Exposing Finnish white privilege #61: #NoRacismInUniversity #WeAreNotSkinColour

by , under Enrique Tessieri

The fact that a group of black researchers headed by Dr Faith Mkwesha are challenging institutional racism at Åbo Akademi reveals a lot about the nature of the beast and how too little is done today to tackle racism. Dr Mkwesha is a researcher at Helsinki University and Åbo Akademi. 

A petition, which has already received over 1,100 signatures, requests the rector of Åbo Akademi University, Mikko Hupa, and the Minister of Education Sanni Grahn-Laasonen to put an end to all forms of racism against black, brown and racialized students at Finnish universities.


You can sign the petition here.

According to Dr Mkwesha, a black researcher at Åbo Akademi University found a racist card in the mailbox of her office. When a complaint was filed to the head of the gender studies department, there was nothing done to support and protect the researcher.

Another case involved a pregnant black student, whose husband died at the time when she was racially harassed by another student. The head of the gender studies department knew of the black student’s situation. In this case, both students were separated because the student felt uncomfortable about being in the same room with the black student.

The black student was required to come at night to the office at a time when she was in pain and mourning her husband’s death.

“It appears that there is a fear of the system and this is why some people don’t want to complain,” said Dr Mkwesha. “But its high time that we start to do something to change matters.”

The researcher said that she hopes that the ongoing campaign will fuel long-overdue debate about a very serious issue facing non-white students at institutions of higher learning.

“I hope and I am confident that our campaign will bring the long-overdue debate about racism at Finnish universities,” Dr  Mkwesha said. “This is a wake-up call.”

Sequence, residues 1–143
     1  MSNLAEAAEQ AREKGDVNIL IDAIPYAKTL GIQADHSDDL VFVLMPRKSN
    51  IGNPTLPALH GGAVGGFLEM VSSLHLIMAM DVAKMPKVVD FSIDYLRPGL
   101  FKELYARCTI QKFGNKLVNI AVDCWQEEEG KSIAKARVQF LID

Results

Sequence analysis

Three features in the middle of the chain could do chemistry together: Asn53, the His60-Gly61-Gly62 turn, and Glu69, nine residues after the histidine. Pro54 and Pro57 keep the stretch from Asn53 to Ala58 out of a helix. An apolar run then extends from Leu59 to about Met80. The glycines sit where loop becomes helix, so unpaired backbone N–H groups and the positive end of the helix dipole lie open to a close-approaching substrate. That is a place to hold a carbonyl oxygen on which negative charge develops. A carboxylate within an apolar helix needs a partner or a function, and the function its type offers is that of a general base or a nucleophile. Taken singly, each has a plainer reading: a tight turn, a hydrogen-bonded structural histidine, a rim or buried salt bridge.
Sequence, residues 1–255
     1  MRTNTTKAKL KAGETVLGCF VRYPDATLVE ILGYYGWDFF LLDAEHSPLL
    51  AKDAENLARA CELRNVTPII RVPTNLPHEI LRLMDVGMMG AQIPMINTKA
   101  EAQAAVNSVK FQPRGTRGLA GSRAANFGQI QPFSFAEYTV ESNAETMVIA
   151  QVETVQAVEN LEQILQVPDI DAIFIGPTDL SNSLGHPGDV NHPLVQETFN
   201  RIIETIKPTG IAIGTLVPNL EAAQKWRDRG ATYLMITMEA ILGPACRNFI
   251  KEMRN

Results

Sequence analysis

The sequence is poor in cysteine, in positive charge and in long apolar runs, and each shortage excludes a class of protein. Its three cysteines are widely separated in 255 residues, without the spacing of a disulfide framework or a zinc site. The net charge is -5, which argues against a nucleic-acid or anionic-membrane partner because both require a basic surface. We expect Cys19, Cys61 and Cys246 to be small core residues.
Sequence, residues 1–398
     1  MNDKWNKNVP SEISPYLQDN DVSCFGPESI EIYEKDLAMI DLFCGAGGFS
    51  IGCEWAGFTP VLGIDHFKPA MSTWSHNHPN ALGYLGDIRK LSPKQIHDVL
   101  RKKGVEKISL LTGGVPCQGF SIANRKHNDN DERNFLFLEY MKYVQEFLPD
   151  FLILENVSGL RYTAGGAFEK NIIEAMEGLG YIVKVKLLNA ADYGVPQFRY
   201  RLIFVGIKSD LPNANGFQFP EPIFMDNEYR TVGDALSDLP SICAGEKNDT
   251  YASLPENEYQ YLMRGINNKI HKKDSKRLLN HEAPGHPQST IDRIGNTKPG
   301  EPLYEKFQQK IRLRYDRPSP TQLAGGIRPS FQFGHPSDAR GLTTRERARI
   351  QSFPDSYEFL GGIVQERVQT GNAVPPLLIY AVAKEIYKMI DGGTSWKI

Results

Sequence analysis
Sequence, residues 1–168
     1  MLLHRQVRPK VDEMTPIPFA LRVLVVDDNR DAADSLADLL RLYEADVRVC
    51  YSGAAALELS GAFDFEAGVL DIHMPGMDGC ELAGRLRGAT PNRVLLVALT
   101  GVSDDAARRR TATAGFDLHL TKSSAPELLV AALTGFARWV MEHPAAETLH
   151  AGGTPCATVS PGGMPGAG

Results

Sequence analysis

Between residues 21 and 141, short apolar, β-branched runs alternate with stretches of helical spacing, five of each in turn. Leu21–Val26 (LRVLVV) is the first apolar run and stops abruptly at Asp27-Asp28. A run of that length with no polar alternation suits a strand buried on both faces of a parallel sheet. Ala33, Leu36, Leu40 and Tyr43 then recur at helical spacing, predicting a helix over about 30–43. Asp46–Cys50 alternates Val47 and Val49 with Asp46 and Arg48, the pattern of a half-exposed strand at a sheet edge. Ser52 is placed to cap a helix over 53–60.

White Finnish privilege #61

The Cold War (1945-91) kept Finland geopolitically semi-isolated from Western Europe. We even saw the country’s small foreign population, which reached a peak in 1928 of 29,685 foreigners but plummeted 41 years later in 1970 to 5,483. Finland’s foreign population started to grow rapidly in the 1990s especially after 1995 when it became an EU member.

In 2017, there were 249,300 foreign nationals living in Finland.

The fact that the country is becoming more culturally and ethnically diverse is a challenge to white Finnish privilege and that Finnish universities must adapt to a new reality.

The #NoRacismInUniversity #WeAreNotSkinColour campaign reveals that even people with PhD degrees and students of higher education face today racism and discrimination. In many respects, there is a pattern as the recent case of Dr Jeevana Subasinghe shows: Challenging racism is dangerous to your career. One of the weapons used by those whom you are complaining against to counter complaints is silence and inaction.

“We must not allow this to happen anymore,” concluded Dr Mkwesha.

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